Sunday sitting and dharma talk are open to everyone.

Sesshin is a silent zazen retreat that’s more formal than all-day sittings. The daily schedule includes zazen, sutra chanting (service), a dharma talk, and work. Meals are eaten silently and formally. In chanting, zazen, eating, and work we turn our lights inwardly, illuminating and investigating our habits of thinking. The silence and attention to detail of sesshin point us away from self and toward the ground of being. To do sesshin, even for a morning or an evening, is to renew limitless mind.  A typical sesshin schedule is available here .


December 19: Introduction to Zazen

7:30 p.m. - 9:00 p.m.


The Zen Center offers a one-evening introduction to Zen Buddhism and zazen. This includes a talk about Zen, zazen instruction, a short period of zazen and an opportunity for questions. Donations are welcome.




New Year's Eve

Beginning at 7:30 p.m.


For a different kind of New Year’s Eve, come sit with us.  We will sit 40-minute periods of zazen interspersed with 10 minutes of kinhin from 7:30 until 10:40 in the evening,  read the Precepts at 10:40, then spend the last hour of the year eating soba (buckwheat) noodles and enjoying the end of the year.  Noodles, broth, and condiments will be provided.  

Dishes to share are welcome. 
You’re welcome to come when you can and leave when other commitments call.  Many people like to sit a period or two before spending the rest of the evening in less quiet activities.


New Year's Day

Sitting at noon, ceremony at 12:45, open house from 1:00 to 5:00 p.m.


We’ll have zazen, a short ceremony to welcome the new year, followed by an open house on New Year’s Day.  Zazen begins at 12:00 noon and is followed by the ceremony at 12:45. 

The open house begins at 1:00 and ends at 5:00.  There will be traditional Japanese New Year’s vegetarian food, and contributed dishes are always welcome.  American vegetarian food, especially sweets, is welcome.  No alcohol is served.

Please come anytime.  Children are welcome at the ceremony and the open house.  Older children who aren’t bored by sitting are also invited to zazen.

Beginning on December 27, we will be cooking and preparing for the open house.  If you'd like to participate, email Zuiko.  Vegetable peeling and chopping is fine practice and you can also learn a bit of Japanese cooking in the process.  There's also lots of good talk and good times.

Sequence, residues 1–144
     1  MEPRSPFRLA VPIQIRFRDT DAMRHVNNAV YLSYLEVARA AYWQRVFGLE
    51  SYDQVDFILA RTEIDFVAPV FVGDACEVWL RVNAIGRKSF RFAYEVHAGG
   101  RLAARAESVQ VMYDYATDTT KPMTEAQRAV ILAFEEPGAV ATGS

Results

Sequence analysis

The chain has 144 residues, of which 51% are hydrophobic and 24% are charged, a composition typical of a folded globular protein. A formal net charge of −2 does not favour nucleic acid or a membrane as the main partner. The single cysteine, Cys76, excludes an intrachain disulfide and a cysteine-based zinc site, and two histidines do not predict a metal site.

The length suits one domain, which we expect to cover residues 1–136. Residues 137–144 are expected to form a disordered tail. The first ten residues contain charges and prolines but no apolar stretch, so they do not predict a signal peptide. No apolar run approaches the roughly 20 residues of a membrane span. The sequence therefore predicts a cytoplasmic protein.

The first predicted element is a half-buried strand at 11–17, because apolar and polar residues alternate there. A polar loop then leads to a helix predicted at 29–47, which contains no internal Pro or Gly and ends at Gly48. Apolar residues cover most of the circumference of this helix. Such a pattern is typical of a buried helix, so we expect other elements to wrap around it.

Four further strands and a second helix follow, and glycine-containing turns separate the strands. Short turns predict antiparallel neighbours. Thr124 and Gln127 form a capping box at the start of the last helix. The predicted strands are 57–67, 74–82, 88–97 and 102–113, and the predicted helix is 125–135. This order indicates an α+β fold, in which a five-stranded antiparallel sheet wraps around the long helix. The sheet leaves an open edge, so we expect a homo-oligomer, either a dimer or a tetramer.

Other Sitting & Sangha Opportunities


Bloomington-Normal, Illinois group meets at 9:00 a.m. on Sunday mornings at Palms Together Yoga, 1717 R.T. Dunn Drive, Unit E in Bloomington. For more information, click here or contact them at

Cedar Falls, Iowa group meets Saturday mornings at 7:20 a.m. and Tuesday evenings at 7:20 p.m. in St. Luke’s Episcopal Church at 2410 Melrose Drive. For more information, email them at

Des Moines - Daishin McCabe and Jisho Siebert lead half-day sittings from 1:30 to 4:30 p.m. on the first and third Saturdays of each month at Pure Land of Iowa – 8364 Hickman Road in Clive. For more information contact Daishin.

Weekly practice

9:00 a.m. Zazen
9:45 a.m. Dharma talk
10:30 - 11:15 a.m. Samu (working meditation)
11:15-11:45 a.m. Tea/Discussion

6:30 - 8:00 p.m. Monday Night Dharma

12:15 – 12:55 p.m. Zazen

6:30 – 6:50 p.m. Zazen
6:50 – 7:00 p.m. Kinhin
7:00 – 7:20 p.m. Zazen
7:20 – 7:30 p.m. Kinhin
7:30 – 8:00 p.m. Zazen

12:15 – 12:55 p.m. Zazen

6:30 – 7:10 p.m. Zazen
7:10 – 7:20 p.m Kinhin
7:20 – 8:00 p.m. Zazen

6:30 – 7:10 p.m. Zazen
7:10 – 7:20 p.m. Kinhin
7:20 – 8:00 p.m. Zazen

12:15 – 12:55 p.m. Zazen

Monthly practice

Third Wednesdays
7:30 – 9:00 p.m.  Introduction to Zazen and the Center

Second and fourth Thursdays
5:30 - 6:30 p.m. Baika

6:30 - 8:00 p.m. Dharma Study

Fourth Sunday
Sangha meeting (following dharma talk)
Click here for more information about Cedar Rapids Zen Center.